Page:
When people think about vineyards in the Unites States most people can name Napa Valley, California as being the main place where fine sophisticated alcohol meets the public. While it's hard to argue with the Napa Valley when it comes to vineyards in the United States, there are many small vineyards throughout the country that deserve a ton of attention. Most states have their own vineyards and while some use traditional grapes, others will create wine from rhubarb, pear, natural berries, or other fruits. There's a wide variety out there.
One of the better kept secrets are the local Iowa wines. Like many states in the Midwest, Iowa boasts very rich and fertile soil. There's no denying that in this Midwest state vineyards are starting to really take off. In 2007, Iowa's 71 vineyards hosted a total of 400,000 visitors. Not a lot of people outside of the state know about the vineyards there, and those who do often think of the sweet dessert varities that come from the Amana Colonies. However, with no disrespect to them, this is far from the entire store of wine in the state.
Wine making in Iowa is still relatively in its infancy. Vineyards take time to grow and mature and critical to the success of an Iowan vineyard is finding grape varieties that can withstand the temperature extremes, resist disease, and still produce a good batch. Ironically enough, this isn't this Midwestern state's first go about when it comes to producing its own barrels of this fine drinking. Before the Great Depression there were sections of Iowa that were known for their vineyards. However the old farmers of the area say that a pesticide was introduced later on that killed the old vines. Hence, time went by and eventually we needed to start over.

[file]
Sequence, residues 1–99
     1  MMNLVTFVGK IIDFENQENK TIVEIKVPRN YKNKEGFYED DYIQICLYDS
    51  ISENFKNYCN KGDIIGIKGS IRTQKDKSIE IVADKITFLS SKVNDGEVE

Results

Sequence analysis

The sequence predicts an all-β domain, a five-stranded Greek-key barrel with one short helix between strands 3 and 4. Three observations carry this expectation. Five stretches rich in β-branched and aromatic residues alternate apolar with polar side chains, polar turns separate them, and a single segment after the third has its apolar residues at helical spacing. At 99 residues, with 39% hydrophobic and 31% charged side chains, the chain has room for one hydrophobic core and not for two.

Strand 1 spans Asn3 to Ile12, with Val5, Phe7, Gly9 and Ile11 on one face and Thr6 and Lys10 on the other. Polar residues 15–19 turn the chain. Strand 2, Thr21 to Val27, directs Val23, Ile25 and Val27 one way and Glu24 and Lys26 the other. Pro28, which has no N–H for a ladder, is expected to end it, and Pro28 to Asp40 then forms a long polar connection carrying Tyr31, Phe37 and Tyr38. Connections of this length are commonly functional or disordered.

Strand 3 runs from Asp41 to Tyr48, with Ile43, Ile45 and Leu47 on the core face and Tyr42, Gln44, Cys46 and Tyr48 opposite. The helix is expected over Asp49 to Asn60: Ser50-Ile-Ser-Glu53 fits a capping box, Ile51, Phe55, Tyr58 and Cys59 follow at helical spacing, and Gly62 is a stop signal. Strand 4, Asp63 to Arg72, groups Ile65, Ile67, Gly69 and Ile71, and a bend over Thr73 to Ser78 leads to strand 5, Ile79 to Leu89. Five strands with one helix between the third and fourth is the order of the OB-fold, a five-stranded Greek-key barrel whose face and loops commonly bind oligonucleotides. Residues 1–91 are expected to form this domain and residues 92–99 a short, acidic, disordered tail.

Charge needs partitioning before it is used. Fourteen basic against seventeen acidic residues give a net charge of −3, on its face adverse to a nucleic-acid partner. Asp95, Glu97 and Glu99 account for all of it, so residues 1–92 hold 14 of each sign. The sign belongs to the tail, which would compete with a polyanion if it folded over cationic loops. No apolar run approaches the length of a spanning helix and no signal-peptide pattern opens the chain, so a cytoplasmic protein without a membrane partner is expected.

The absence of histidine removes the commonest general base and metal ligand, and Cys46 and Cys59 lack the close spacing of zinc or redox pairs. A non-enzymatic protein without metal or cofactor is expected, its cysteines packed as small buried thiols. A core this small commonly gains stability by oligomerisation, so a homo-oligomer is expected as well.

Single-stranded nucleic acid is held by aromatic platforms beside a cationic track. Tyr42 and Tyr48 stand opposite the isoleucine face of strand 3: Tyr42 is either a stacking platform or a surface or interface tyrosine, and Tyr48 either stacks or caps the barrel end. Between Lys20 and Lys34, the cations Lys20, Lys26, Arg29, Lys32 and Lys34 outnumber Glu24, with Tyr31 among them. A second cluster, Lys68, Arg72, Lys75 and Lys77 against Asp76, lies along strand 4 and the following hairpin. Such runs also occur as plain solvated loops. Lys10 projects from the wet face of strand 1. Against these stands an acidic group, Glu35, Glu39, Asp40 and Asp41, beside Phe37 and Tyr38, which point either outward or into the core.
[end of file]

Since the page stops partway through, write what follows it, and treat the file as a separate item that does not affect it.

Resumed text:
While starting over often isn't fun, this history does still give the Midwestern state, which is already known for its famous Templeton Rye (said to be the favorite whiskey of Al Capone) , and many award winning local beers, a chance to shine in yet another area of alcoholic goodness.
If you're going to drink wine, make sure you have great wine glasses!
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A litle more on your drinking options
To get a true taste of the local wares that Iowa has to offer means you need to be willing to travel and cruise throughout the state to sample everything that they have to offer. Up as of the date of this writnig, organizations offer five wine trails. These somewhat organized tours go area by area, allowing individuals to catch multiple vineyard set ups at once. Many people are amazed not only at the variety available, but also the sheer quality that's there. The five wine trails in Iowa are:
- The Amana Colonies Trail
- The Heart of Iowa Trail
- The Iowa Wine Trail
- The Scenic Rivers Trail
- The Western Iowa Trail
Along the various trails you will have the opportunity to sample sweet dessert wines, crisp whites, delicate flavored fruit vintages, or robust reds. Each vintner is guaranteed to add a signature excellence to your tour of Iowa wine country and virtually every one will offer you some of the favorites by the bottle or by the glass. Free samplings rule the day, and all of this is done while touring the vineyards all in a relaxing environment. There is as much attention given to their hospitality as is given to their fine wares.
Many traditional grape varieties find Iowa's climate inhospitable so Iowans have found the hardiest varieties and produced some hybrids of their own. Catawba grapes produce rose wines and inexpensive sparkling wines. Edelweiss grapes produce semi-sweet to dry wines similar to a Riesling style wine. If left to hang on the vine they produce a wine with a stronger and muskier flavor. Contacting local Iowa vineyards or perusing their websites can give you a better idea of the wines they produce. With the broad variety being produced it's likely you'll find one or two local area wines you and your palate will quite enjoy.